Sunday, September 29, 2013

Fuse tap

I have only one 12-volt accessory outlet in my little Honda Fit. And my Garmin GPS needs one pretty much full-time. It doesn't run very long on it's battery. I don't think it was designed to.

So the GPS ties up the only available outlet. Which is a pain when I need to plug in a mobile device for charging (like a smart phone or tablet).

To solve the situation, I wired up a female cig-lighter style plug to the fusebox using a fuse tap. I then ran the GPS power cord (with it's male cig-lighter plug) under the dash and have it plugged in where it's all out of sight. That frees up my one accessory outlet for various charging needs as they occur. Yay!

Virtual machines

I did end up installing Arch Linux on a VM using VirtualBox. Been playing around with it. VirtualBox has a cool "seamless" mode where I can have linux programs open on my windows desktop just like a normal windows program. The linux programs and windows programs are intermixed "seamlessly". It's really very cool.

Facilitating that was my latest installation of xorg-server, Openbox, and the VirtualBox guest tools on my Arch guest VM. Now that they are on and functioning the guest VM works as it should. I had strictly been using it for console sessions.

I'm am debating possibly creating a new VM with Fedora. I was inching toward dumping Arch Linux. But perhaps I will stick with it a bit longer. Now I realize... since all of my Linux stuff is happening in VMs, there is no reason I have to "dump" one to try the other. I can have a bunch of VMs and just continue to play with them all. I can try all sorts of things without having to nuke one to do the other. That's pretty nice.

It's still a little hard for me to see the point in all this. All this is running on a perfectly good Windows 8 machine. And Windows 8 will do anything/everything that I have configured Arch Linux to do. Sure I can IRC or browse the web using a Linux "machine". And I certainly could set up other things to run on it. For what purpose I am not sure. Maybe just to say I did.

There might be some benefit to doing IRC and web browsing via a Linux VM rather than doing those things in Windows. In theory, I'd have less vulnerability.

Sunday, September 22, 2013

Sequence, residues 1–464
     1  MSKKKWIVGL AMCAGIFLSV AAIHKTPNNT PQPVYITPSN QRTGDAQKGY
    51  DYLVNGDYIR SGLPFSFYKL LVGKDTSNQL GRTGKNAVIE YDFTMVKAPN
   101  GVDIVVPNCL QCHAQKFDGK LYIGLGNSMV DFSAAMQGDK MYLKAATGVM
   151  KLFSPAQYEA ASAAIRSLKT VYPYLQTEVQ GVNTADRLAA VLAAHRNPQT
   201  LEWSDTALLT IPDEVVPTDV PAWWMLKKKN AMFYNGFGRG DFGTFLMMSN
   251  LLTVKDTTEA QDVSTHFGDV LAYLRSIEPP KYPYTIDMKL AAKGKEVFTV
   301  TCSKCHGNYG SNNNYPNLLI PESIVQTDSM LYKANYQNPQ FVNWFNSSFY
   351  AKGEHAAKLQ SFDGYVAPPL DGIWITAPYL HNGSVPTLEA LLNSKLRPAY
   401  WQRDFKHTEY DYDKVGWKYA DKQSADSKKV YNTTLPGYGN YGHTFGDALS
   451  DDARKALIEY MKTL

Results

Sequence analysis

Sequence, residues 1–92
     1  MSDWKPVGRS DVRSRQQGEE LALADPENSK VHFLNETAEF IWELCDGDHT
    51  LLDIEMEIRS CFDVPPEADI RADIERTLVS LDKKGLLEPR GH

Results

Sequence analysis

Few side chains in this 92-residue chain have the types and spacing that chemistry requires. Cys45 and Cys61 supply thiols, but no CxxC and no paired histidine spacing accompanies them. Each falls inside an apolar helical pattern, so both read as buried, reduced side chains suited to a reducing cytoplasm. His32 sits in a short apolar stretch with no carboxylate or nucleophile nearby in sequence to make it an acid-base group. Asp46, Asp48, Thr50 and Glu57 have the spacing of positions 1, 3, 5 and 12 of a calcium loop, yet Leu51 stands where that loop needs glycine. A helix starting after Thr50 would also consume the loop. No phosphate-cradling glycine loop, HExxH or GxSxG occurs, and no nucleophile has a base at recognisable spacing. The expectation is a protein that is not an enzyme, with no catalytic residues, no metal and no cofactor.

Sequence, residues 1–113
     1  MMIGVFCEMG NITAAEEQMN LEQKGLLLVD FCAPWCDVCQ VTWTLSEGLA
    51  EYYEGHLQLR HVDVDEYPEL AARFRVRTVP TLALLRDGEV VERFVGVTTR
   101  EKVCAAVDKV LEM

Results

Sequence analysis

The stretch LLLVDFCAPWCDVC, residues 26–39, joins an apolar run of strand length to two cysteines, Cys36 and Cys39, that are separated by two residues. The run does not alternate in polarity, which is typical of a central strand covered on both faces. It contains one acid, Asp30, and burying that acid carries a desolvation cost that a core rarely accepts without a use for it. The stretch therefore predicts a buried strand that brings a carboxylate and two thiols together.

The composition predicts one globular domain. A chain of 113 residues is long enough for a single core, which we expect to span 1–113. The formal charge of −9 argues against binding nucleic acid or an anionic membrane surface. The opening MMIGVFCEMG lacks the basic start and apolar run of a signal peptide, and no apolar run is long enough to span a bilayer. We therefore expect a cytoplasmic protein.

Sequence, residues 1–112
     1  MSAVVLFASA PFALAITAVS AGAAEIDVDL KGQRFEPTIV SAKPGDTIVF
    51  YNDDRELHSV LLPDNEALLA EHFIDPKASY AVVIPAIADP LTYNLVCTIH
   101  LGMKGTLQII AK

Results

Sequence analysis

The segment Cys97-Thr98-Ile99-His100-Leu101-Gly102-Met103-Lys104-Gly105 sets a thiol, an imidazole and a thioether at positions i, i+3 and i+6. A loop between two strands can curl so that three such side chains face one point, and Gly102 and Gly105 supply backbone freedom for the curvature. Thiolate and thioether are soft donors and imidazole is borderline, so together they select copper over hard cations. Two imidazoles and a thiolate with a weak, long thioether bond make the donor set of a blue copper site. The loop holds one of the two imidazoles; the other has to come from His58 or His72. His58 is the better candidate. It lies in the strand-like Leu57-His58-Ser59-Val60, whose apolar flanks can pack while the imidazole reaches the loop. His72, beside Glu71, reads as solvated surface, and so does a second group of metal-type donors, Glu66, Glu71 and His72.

Reset

Kind of did a "reset" over the weekend. Not sure what I mean by this term. But whatever it is, I do it periodically. The reset included two things:

1) I tore down my ham radio installations in my office and my car.

2) I yanked the hard drive out of my laptop that had Arch Linux installed on it and put my SSD with Windows 8 on it back in.

It was just last week that I received a window sticker for my car that said 146.52 on it in a small white oval. The 146.52 is the standard frequency used by ham radio operators who are local to each other so they can call one another direct (rather than using a repeater). Armed with that sticker (which would indicate I'm listening on that frequency) and my callsign on the back window of my car... I figured I might get calls as I tool down the road.

And sure enough. On Friday I was headed up to Salem and someone gave me a shout. We had a nice little chat. It worked!

But overall my involvement in ham radio is a bit of a bust. I know some of the guys on the local repeater. And I knew a bunch of guys in Salem. But not very well. When you stop talking on the air for extended periods of time people tend to forget you exist. So a person either needs to be a regular, or just give it up.

I originally got into ham radio for the social aspect. I would say that most hams are tolerant of operators who are not very technical, but many are not. And now that I'm married, I don't sit at home alone all the time wanting someone to talk to.

Another aspect of the local repeater group (and most repeater groups) is that it's quite cliquish. You're either a "regular" or your not. And this point is brought home almost daily. Not that they aren't nice people for the most part. It's just natural human behavior.

As a result of all this, I don't get on the air much. So I decided to tear down the ham radio installations in my office and car.

In my office I had a mobile VHF/UHF radio setup with a 12-volt power supply and a mobile antenna on a little mast with a ground radial kit. It worked pretty well, but it was ugly and I wanted a more minimalist office environment. I tore that down entirely and packed it away. I will use my handheld if I decide to play radio at all. And it will work just fine with the local repeaters.